When I met Major Tim Peake two years ago he was pretty unsure about his chances of getting to the International Space Station. While Britain contributes to the European Space Agency’s €4,000,000,000 budget we’ve never poured money into its manned spaceflight programme and the countries that do haven’t exactly been keen for us to get time in space for free.
Nevertheless a monumental lobbying effort on behalf of the UK Space Agency appears to have paid off. And the fact that there will be a Brit on board the Space Station for five months in 2015 is literally one of the most important things to happen to British space science for years.
Contrary to popular belief we Brits do ‘do space’. We have a growing small satellite industry, plans for a revolutionary launch system and our space industry contributes around £9billion to the UK economy. But nothing has the power to capture the general public like seeing someone like us floating about up there.
Someone suffering from #Britishastronautproblems, no tea bags till the next supply ship arrives, lending another astronaut some change for the space vending machine and being too awkward to ask for it back before, or having the entire plot of his favourite American drama spoiled by Twitter before someone can beam it up to space.
On a serious note though, if Tim Peake could be half as successful as the recently landed Commander Chris Hadfield he could inspire a whole generation of Brits to take up a science, or consider going into engineering or even just realise that the International Space Station exists, and people live there and it’s so big you can see it with your own eyes if you look in the right direction at the right time. I’ve heard he can play the guitar, so that’s a start.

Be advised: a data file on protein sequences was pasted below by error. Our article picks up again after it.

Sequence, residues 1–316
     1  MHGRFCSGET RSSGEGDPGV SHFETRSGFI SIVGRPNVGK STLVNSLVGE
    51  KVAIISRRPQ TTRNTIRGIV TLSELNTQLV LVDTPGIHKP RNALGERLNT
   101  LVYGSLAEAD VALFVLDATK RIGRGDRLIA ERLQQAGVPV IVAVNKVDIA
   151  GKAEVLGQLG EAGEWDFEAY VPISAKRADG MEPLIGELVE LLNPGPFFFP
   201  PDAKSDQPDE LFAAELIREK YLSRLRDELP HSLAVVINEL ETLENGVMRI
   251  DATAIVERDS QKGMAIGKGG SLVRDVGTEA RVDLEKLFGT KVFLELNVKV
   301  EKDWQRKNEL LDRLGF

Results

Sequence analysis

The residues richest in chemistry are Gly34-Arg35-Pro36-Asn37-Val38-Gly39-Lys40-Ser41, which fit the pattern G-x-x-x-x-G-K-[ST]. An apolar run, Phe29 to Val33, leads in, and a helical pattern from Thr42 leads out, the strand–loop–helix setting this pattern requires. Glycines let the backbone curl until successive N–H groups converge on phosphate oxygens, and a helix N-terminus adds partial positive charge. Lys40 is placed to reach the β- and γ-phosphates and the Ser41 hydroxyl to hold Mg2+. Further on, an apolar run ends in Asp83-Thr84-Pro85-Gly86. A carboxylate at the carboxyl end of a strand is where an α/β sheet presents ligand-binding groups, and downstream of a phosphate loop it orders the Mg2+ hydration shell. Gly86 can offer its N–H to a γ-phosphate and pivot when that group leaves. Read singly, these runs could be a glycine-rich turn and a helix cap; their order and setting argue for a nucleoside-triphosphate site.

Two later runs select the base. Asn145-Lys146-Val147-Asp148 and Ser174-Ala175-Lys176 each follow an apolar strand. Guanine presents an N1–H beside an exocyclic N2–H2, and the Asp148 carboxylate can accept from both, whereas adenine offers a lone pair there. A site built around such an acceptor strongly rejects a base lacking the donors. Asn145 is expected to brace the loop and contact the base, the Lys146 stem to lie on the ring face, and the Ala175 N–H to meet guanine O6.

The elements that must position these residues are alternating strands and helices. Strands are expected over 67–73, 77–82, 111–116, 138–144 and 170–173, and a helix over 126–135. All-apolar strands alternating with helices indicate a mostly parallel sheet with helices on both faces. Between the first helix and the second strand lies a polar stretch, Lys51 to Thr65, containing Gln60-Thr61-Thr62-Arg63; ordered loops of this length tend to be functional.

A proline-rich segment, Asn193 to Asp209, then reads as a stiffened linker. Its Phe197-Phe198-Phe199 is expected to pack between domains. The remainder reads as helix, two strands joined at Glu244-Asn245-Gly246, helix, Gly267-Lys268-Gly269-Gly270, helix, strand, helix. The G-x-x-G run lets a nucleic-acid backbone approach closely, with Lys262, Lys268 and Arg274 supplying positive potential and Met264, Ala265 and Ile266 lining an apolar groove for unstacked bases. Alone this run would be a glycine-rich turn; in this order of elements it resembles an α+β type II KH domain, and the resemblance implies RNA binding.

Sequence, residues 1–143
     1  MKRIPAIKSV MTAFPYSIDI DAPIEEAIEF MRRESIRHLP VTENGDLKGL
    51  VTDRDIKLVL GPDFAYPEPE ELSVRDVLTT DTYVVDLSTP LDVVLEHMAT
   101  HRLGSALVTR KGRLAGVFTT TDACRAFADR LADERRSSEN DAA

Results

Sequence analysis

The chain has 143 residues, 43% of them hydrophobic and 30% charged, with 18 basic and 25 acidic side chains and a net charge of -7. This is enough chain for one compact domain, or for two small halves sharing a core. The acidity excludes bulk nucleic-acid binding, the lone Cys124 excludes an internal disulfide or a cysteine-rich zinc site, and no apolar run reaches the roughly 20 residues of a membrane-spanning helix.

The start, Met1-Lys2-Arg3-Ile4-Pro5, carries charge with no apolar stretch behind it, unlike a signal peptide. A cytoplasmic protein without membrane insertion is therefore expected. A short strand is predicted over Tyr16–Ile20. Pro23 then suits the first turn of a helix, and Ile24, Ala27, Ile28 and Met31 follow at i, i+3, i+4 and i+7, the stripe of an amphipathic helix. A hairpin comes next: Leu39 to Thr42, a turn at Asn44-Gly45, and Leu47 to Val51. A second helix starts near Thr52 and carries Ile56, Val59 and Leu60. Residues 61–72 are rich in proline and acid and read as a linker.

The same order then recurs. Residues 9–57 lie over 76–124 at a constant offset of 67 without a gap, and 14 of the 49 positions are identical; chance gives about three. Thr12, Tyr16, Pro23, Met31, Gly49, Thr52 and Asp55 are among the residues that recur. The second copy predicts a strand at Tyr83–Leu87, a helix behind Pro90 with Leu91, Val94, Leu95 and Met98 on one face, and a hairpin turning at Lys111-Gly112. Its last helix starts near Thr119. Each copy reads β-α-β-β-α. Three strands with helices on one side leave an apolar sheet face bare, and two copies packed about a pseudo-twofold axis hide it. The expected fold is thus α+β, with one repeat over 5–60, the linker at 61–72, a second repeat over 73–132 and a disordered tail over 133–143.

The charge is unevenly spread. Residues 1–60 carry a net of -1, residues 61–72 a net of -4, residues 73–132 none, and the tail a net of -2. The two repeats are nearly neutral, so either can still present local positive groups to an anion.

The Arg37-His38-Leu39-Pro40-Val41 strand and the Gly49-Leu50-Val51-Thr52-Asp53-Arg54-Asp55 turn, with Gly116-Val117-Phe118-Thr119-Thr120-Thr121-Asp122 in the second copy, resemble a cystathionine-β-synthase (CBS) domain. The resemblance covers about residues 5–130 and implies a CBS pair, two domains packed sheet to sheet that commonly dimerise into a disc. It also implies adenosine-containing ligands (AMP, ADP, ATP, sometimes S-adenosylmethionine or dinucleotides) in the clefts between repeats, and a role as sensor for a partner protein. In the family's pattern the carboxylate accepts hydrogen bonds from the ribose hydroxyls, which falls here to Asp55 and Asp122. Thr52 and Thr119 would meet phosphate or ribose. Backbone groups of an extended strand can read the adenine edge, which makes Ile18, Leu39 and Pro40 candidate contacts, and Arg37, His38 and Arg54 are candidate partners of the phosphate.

Today is just the start to Tim’s journey, so do yourself a favour and follow him on Twitter. Live his journey from today’s press conference in the Science Museum; to the moment he climbs into a rocket in a freezing desert in the middle of Kazakhstan and long after he lands back on earth almost half a year later. He’s soon to become a member of a very select club, but as the first Brit to do it, he’s going to be taking us all with him.
The interview i did with Tim Peake two years ago (here if you’re on a mobile):
Over the past few months I’ve been putting together a short radio documentary on the secret UK space industry. We might not be putting people into orbit but we’ve got several decent companies that are doing some pretty cutting edge stuff.
If you got a spare quarter of an hour, have a listen..
It’s one of those funny little facts that not many people know. The UK used to have a government funded satellite launcher program and we tested rockets on the Isle of Wight.
And this Friday marked 40 years since Prospero, the only British built satellite to launch on a British built rocket began it’s adventure on space. So I (along with several otheer people) went for a bit of an adventure with some fellow space geeks to the it’s birth place..
The Black Knight program was very basic, a stumbling into the world of space exploration compared to the work of some of our American cousins and it was cancelled almost immediately after Prospero completed it’s first orbit but for many it was the start of a long career in various aerospace industries. And if you want to hear their thoughts listen below…
This will be start of a series of posts about the secret UK space industry, as i’m just about to start working on a radio documentary all about it. So if you thought space is only about NASA and Space Shuttles, prepare to be proved wrong.
It’s been a big weekend for the European Space Agency. After years of planning, building and logistics a Soyuz rocket finally lifted off from ESA’s spaceport in French Guiana.
This is the beginning of something big. It’s also the realisation of a dream ESA has had for a long time. And turning the colonial piece of land first but together by the French on their own into the European equivalent of Florida’s Space Coast.
It means that Europe can now launch the worlds more reliable rocket (as long as we buy them off the Russians) and we can begin to build our competitor to America’s GPS system.
Galileo, I case you haven’t heard, is meant to create a global positioning system more accurate than the current GPS system and could lead to technologies such as ‘cars driving themselves’ to become a reality.